Individuals with high emotion efficacy have the confidence and the ability to experience and respond to difficult emotions in a contextually-adaptive, values-consistent manner.  Many clients who seek psychotherapy, however, struggle with chronic emotion problems.  Research suggests that over 75% of clients suffer from chronic and intense emotion reactivity.  The impact of low emotion efficacy is wide and far reaching.  Low emotion efficacy significantly impacts quality of life across multiple domains, including interpersonal, work, school and legal.  There is another way. 

McKay and West have developed a brief, practical and penetrating therapy that helps clients become more skillful with their critically important emotions.
— Rick Hanson, PhD, Author of Buddha's Brain and Hardwiring Happiness

While pain is an inevitable part of life, the way we respond to it has great impact on how much we suffer.  Clients need help developing the psychological flexibility necessary to enact new and more adaptive, workable behaviors in the face of pain.  While many therapy protocols provide helpful skills for clients, they often lack the exposure-based skills training in session that helps skills "stick" when clients become emotionally triggered outside of therapy. In addition, some protocols can take up to a year or more to complete, and are not practical for providers who work in clinics who offer short-term therapy with limited resources.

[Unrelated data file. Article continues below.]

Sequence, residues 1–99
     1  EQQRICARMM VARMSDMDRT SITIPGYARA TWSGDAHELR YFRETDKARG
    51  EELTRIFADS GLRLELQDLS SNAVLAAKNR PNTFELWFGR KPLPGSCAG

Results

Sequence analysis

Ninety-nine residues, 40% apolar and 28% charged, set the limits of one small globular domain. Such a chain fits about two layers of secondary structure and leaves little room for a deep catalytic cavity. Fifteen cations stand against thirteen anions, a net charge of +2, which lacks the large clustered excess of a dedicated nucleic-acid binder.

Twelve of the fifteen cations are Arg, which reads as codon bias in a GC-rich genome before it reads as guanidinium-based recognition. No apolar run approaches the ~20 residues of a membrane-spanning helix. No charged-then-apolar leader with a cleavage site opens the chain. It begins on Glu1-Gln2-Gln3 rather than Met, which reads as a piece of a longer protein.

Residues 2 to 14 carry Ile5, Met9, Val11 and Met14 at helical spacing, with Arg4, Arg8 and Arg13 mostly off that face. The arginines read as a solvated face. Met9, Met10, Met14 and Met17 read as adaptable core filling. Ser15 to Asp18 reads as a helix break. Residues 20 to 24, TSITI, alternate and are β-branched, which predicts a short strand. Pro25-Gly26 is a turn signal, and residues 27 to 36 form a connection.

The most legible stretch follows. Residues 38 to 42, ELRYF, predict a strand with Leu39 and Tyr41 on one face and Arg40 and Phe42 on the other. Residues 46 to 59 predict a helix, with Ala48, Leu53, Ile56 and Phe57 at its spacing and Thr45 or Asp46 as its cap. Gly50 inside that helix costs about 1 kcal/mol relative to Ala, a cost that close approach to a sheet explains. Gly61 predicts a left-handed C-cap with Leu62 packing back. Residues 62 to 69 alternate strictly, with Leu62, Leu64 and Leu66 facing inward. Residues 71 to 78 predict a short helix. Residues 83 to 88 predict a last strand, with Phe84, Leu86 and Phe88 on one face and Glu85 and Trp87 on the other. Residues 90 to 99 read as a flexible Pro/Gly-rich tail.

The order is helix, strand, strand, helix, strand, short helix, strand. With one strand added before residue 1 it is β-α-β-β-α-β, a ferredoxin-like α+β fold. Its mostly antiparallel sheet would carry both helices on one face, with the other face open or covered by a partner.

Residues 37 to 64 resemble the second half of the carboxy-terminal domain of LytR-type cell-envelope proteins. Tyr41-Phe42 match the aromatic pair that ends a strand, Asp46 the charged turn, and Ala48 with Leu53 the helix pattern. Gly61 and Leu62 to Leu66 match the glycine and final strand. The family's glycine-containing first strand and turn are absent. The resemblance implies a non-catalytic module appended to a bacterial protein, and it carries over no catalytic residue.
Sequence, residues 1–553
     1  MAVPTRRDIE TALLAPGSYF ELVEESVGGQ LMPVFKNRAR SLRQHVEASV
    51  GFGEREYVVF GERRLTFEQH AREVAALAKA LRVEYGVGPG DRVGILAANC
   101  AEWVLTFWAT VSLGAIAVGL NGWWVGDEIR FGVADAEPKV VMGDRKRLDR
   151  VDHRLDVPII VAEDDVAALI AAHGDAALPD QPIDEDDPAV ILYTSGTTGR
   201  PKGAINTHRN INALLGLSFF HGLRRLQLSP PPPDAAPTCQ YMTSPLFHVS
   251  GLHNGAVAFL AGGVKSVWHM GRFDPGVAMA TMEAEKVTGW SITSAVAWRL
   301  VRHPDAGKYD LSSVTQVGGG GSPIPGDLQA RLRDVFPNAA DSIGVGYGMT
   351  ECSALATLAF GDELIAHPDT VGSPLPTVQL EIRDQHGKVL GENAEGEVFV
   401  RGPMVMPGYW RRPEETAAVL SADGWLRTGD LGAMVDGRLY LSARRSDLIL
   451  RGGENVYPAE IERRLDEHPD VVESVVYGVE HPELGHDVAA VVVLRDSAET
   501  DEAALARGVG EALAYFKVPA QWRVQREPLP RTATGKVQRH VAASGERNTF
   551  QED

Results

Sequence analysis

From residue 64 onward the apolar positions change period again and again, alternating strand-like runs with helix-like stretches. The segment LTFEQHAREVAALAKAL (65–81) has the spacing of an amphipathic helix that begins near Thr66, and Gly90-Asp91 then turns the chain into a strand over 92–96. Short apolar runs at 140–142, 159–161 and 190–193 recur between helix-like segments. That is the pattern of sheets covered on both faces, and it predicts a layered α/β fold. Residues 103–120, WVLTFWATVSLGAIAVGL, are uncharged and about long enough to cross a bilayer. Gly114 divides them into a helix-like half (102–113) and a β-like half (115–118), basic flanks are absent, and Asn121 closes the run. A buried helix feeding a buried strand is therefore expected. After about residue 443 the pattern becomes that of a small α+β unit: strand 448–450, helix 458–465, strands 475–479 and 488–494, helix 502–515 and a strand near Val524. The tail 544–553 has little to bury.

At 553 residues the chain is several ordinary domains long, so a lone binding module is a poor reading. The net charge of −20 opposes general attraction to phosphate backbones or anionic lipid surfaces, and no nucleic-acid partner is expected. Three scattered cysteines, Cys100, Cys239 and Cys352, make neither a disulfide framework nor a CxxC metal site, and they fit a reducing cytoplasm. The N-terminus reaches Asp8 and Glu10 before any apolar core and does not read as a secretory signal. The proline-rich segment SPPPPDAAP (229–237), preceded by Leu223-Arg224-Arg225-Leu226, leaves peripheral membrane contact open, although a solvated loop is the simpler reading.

Emotion Efficacy Therapy (EET) provides a brief transdiagnostic treatment that helps clients learn to regulate their emotions, tolerate distress and make choices consistent with their values-- even when they are emotionally triggered.  By learning different ways of responding to emotions, clients can increase their emotion efficacy.  Ultimately, expanding choices means a world where people can create lives that are increasingly conscious, authentic, and powerful. 

Research suggests that EET is effective for treating a wide range of emotion problems, from depression, anxiety and anger issues to trauma and Post-Traumatic Stress Disorder, Panic Disorder, Obsessive Compulsive Disorder, Substance Use Disorders, Borderline Personality Disorder and interpersonal problems.   It can also be used as an adjunct therapy to insight oriented approaches when clients need targeted skills training for emotion regulation.

To find out more about EET or how to purchase the clinicians guide, Emotion Efficacy Therapy (Context Press, 2016) click here.